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Monday, Aug 15, 2022
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Talk Therapy For the Stars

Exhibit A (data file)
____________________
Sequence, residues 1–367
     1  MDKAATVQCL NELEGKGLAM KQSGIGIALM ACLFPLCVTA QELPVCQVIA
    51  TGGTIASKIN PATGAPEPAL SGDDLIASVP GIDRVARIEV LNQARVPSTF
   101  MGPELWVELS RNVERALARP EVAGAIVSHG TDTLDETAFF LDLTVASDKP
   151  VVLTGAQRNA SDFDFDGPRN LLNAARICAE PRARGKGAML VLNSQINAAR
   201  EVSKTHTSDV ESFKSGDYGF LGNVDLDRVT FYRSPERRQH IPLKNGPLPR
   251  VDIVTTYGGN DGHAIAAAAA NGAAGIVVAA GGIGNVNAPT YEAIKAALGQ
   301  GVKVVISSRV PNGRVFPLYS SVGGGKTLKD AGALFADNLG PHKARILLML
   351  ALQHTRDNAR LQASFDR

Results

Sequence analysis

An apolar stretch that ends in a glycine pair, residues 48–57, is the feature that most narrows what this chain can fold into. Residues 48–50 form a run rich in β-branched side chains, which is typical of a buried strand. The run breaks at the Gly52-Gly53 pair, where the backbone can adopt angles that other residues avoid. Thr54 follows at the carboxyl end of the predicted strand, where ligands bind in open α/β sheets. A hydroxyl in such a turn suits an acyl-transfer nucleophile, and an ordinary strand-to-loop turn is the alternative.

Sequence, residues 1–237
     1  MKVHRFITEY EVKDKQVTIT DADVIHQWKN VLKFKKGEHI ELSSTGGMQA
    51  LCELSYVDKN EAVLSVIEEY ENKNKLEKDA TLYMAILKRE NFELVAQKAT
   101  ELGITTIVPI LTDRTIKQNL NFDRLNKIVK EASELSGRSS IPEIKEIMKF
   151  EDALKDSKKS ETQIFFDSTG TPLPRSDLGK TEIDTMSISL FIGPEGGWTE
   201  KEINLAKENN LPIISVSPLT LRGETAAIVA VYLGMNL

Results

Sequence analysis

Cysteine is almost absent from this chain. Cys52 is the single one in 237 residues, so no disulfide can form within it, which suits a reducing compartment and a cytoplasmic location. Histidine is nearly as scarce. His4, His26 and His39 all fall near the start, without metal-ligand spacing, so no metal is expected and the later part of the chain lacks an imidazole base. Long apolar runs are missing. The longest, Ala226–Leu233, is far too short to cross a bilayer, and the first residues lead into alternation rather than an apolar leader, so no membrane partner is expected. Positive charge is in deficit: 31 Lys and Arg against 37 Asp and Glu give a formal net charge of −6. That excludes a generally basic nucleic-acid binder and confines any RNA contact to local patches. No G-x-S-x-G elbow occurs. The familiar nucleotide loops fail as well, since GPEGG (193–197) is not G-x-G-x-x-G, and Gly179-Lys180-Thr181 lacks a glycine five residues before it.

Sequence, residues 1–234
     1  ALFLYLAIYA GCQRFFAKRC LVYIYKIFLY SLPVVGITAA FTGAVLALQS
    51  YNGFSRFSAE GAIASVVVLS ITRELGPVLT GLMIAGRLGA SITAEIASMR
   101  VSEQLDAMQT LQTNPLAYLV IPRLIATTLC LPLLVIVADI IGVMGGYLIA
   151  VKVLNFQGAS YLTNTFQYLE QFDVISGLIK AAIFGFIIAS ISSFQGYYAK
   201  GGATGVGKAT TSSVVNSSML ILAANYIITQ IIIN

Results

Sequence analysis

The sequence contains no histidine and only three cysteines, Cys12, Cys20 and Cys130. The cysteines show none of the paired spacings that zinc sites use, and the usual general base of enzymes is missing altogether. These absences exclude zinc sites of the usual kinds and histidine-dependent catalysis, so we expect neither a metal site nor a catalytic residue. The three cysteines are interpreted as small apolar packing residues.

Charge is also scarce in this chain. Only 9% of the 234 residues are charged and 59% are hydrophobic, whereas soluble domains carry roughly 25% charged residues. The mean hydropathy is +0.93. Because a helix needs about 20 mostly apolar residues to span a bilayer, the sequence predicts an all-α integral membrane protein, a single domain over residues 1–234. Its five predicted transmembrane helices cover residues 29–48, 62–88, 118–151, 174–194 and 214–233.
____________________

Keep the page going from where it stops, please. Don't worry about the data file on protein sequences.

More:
Barely two months ago Naomi Rahmani upgraded her Encino-based speech and language pathology practice Achieve Speech Associates with a new office at the Woodley Building on Ventura Boulevard, but the 28-year-old California State University – Northridge graduate is already thinking bigger. With a client roster that includes young Hollywood actors and a number of big-name company executives, Rahmani is eager to offer Achieve’s services to more patients. “I moved into my new unit only to realize it’s a little too small,” Rahmani said. “But right now I have a waiting list, so the next step is to hire.” At the same time, she also is looking for real estate to open two more offices – one in Calabasas and another in Beverly Hills. Why the big demand in speech pathology? The market has grown dramatically in the past decade, a trend that experts expect will continue. Employment projections for therapists like Rahmani is projected to grow 18 percent between 2016 and 2026, according to the Bureau of Labor Statistics. The bureau cites the aging population as one cause of the increase. By comparison, the average growth rate for all professions is estimated at 7 percent. Rahmani has capitalized on this inherent demand by using social media to engage with prospective clients, a tactic that has more than doubled her revenue in a matter of months. But while she is eager to expand her business, she is cautious about losing the element that gives her an edge: Highly personalized service with in-depth weekly or biweekly therapy sessions that can go up to 90 minutes long, about three times the industry average. “Right now it’s kind of a boutique practice where I do have the time to invest a lot into each and every patient,” she said. “It’s very important to me to keep that individualized therapy feeling.” Executive clients Rahmani’s client roster ranges from pediatric autism patients to professional actors to business leaders. Most patients fall into one of two categories: Young patients with speech impediments, such as lisps, and elderly patients with conditions that have affected their ability to speak. One of her favorite success stories centers on an older executive who turned to Rahmani after losing his voice to Parkinson’s disease. “A lot of depression came with that,” Rahmani recalled. “We restored much of his voice back with the program that we do, and he went back to running his company – and feeling confident about it.” Other wins include a child actor who is able to work on a Disney Channel show thanks to sessions at Achieve, which in turn has led casting agents to call on Rahmani for assistance with other up-and-coming stars. Rahmani increasingly finds herself working with talent on set or consulting with performers remotely over FaceTime. Actors also come to Achieve independently after seeing improvement in their colleagues. “Recently I was working with a comedian who was cracking jokes the whole time,” she said. “I thought, I can’t believe I’m getting paid for this.” While word-of-mouth has been the main source of new clients since Rahmani founded Achieve in 2013, she attributes its recent growth trajectory to the power of social media. The secret sauce has nothing to do with Facebook ads or Instagram giveaways – instead, it’s all about getting in front of the right audience. “I’m in a lot of Facebook groups online, especially ‘mommy’ groups,” Rahmani explained. “My (adult) patients are in those groups, so when another mom requests a speech therapist, they recommend me.” Rahmani also has recruited clients through a rather surprising platform: Snapchat. For instance, a casting agent who first saw Achieve on Yelp tracked Rahmani down on the photo-sharing app. “He started sending me patients left and right,” Rahmani said. “Social media factors a lot into my strategy – I’ve never actually done any advertising.” Challenges ahead Rahmani has seen firsthand that when a practice scales up, it risks prioritizing quantity over quality. While working toward her graduate degree at Touro College in Brooklyn, she witnessed other practitioners selling out their patient care philosophy in favor of profits. “I’ve worked in different practices that were where I am now, and turned into corporations where it turned into a factory,” Rahmani said. She has determined that all future hires will have to share her vision for offering individualized therapy, Rahmani said, and will be expected to show passion for their work. In an industry with fierce competition – there are more than a dozen speech-language pathologists in Encino alone – the patient-centric approach is about more than ethics. It’s also the core of Rahmani’s value proposition. “We all want financial growth – that’s part of owning a business,” she said. “But there are a million speech therapists out there. People go to the services that they feel comfortable with.” Paying her clinicians well is also a key element to Rahmani’s long-term strategy. All time spent working on clients’ cases, whether directly during sessions or peripherally during after-hours consultations with other members of their care management teams, is compensated, Rahmani said. “I pay my clinicians to give that extra time,” Rahmani explained. “That way they aren’t rushing.” At Achieve’s current size, Rahmani can afford the expense; she does not take payments from insurance, and patients or their parents are willing to pay out of pocket for high-quality therapy. But as the business expands – and, in particular, as Rahmani takes on more elderly patients – she expects that she will need to think carefully about whether or not to begin accepting insurance patients. “(Insurance) reimbursement rates are really low, and months could lapse before you’re paid,” she said. “One of my fears is that the personalized aspect would deteriorate if we began accepting insurance and added many more clinicians, but it’s not a bridge that I’ve crossed yet.” For now, Rahmani plans to keep the number of practitioners in her clinics low, and she is grateful to have a job that doesn’t feel like work. “It’s been very, very busy, but it’s amazing to wake up in the morning knowing I go into work and do something that changes people’s lives,” Rahmani said. “And surprisingly, I get paid for it.”